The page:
It was growing tiring to see the same faces show up in this situation as in the arrest and investigation of Sandra Bland. Yes, I am fully aware that in a small town there are not many options for who can erroneously order a City Councilman to be tasered, or who can oversee an investigation of potentially great financial importance. I know there are only six officers in Prairie View and Penny Goodie, who mocked Sandra Bland while she lay in the dirt, had a 1 in 6 chance of being the same officer who would order the Honorable Jonathan Miller to be laid down in the dirt. And I am fully aware that the District Attorney who called Sandra Bland “not a model person” would be the only District Attorney available to oversee the investigation of whether the Honorable Jonathan Miller was honorable or not. I understand it, but understanding it makes it none the less painful.

Moving into the City Council chambers, the crowd filled the seats and began to have their say. The media had been notified by the mayor that the meeting was off and informed not to come, but there was one lingering cameraman and a reporter, as well as a journalist from the LA Times. The purpose of the meeting, without much press present, actually shifted to the community truly listening to one another and dialoguing. Without cameras and microphones, and with the City Councilpersons and Mayor in the back, mostly in street clothes, there was greater transparency amongst residents. It was actually the best environment I have experienced in that room thus far.

One older woman, who asked me not to use her name or face for fear of retaliation, said the following:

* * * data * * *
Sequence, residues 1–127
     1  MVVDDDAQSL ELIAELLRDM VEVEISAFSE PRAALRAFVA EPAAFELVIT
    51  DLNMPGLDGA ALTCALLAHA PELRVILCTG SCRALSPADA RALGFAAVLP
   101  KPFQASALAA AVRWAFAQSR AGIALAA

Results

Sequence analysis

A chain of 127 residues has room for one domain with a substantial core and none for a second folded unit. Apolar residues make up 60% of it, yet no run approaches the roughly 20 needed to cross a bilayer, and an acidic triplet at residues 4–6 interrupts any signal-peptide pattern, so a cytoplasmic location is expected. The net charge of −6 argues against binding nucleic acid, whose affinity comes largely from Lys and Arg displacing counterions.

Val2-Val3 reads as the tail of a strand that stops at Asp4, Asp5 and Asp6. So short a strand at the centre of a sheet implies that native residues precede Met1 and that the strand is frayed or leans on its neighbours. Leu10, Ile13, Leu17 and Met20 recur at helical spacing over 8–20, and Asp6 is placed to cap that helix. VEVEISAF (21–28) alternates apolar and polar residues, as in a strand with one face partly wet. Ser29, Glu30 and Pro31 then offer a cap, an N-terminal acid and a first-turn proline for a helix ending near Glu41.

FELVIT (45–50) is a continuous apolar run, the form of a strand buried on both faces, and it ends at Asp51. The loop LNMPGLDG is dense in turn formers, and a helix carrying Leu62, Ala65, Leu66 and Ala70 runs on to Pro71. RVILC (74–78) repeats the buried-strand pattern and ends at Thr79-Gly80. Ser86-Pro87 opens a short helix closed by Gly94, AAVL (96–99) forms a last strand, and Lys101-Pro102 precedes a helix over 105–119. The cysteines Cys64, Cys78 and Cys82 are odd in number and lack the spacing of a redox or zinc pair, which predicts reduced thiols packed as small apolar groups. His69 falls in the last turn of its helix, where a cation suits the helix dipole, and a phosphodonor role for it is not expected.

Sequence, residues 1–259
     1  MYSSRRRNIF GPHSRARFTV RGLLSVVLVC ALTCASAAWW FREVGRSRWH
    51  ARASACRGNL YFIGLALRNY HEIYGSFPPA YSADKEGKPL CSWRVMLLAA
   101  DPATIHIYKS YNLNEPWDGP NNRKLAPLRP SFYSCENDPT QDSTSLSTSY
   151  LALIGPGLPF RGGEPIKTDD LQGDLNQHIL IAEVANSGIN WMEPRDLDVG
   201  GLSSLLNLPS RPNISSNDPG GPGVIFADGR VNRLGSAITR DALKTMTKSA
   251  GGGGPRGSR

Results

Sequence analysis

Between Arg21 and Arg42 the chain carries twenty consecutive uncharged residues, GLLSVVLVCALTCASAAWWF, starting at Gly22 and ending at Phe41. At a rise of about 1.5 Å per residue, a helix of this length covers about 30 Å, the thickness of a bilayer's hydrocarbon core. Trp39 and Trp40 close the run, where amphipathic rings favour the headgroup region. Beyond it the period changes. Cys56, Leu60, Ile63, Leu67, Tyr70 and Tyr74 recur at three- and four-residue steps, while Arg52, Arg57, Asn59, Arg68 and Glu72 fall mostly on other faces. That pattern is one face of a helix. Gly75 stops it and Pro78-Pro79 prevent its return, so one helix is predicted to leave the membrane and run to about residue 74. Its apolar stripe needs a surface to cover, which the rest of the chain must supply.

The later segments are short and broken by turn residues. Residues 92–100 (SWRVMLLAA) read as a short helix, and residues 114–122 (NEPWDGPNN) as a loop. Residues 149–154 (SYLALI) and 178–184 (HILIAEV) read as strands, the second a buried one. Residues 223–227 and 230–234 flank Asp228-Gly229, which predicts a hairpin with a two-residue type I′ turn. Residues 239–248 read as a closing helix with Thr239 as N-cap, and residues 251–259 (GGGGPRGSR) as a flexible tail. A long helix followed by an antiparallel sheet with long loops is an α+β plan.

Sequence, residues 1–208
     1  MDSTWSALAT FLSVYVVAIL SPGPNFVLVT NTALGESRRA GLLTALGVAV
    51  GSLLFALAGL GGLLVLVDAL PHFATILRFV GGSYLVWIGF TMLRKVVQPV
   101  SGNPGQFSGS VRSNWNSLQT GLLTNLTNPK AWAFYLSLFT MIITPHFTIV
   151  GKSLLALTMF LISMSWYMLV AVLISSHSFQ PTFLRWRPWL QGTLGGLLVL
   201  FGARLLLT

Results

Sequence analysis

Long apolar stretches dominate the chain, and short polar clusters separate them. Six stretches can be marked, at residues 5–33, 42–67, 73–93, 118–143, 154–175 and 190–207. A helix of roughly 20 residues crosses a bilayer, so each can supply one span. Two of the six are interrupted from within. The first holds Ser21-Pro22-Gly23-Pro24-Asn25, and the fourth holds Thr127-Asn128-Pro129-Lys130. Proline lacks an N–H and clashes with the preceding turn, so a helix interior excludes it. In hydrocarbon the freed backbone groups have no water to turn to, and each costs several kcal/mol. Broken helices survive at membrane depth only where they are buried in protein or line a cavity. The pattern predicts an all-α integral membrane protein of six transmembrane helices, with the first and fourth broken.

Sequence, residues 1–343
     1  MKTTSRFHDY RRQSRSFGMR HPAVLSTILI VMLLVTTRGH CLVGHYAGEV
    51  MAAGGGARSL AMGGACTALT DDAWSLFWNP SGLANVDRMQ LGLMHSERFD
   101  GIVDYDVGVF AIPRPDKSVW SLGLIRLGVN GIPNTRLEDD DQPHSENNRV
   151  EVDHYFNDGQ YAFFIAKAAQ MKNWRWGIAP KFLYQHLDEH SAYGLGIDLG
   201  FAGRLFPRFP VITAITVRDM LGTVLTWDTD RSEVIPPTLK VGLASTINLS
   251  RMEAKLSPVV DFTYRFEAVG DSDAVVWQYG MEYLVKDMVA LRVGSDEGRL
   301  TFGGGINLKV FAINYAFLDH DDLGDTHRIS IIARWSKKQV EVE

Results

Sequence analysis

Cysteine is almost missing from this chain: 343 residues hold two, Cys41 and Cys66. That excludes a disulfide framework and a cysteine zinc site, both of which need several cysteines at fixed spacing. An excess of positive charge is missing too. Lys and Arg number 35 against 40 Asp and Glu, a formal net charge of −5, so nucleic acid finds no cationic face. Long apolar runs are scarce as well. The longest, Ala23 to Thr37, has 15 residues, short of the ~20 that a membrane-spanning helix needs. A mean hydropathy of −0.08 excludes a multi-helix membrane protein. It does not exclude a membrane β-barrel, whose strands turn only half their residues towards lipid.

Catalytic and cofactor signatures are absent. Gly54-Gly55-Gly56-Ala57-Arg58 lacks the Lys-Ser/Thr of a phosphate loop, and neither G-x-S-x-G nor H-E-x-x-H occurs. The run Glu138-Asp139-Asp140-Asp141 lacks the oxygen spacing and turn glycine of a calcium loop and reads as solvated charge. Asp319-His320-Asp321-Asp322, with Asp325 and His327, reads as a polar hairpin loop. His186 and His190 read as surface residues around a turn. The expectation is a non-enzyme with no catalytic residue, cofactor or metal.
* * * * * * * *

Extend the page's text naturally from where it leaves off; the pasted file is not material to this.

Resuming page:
Early in the morning, when I am in my bed, and I meditate and think about all the things that have been done, to my brothers and sisters by the police department and they just keep getting away with it. White supremacy is alive and well. And from time to time, I ask myself, what ever happened to the KKK? They used to be known by their white sheets and hoods, you don’t see that anymore. They did not fade into the wide blue yonder. My personal opinion? They did not just disappear. They have, I believe, infiltrated the police department. I believe they have traded in those white sheets and hood for a uniform and a badge and and a gun. And they have infiltrated the good officers. You can’t tell the bad policeman from the good officer. I honestly believe this where they have gone. Because here they can kill and get away with it. They can have their court system pick some more KKK guys, and this is just my opinion. Where did those guys go, who was once known as the KKK. You knew them when they showed up many, many years ago because they wore that distinctive uniform; and I believe they traded that uniform in for a blue uniform, a badge, and a gun.

A young Prairie View student had his say as well: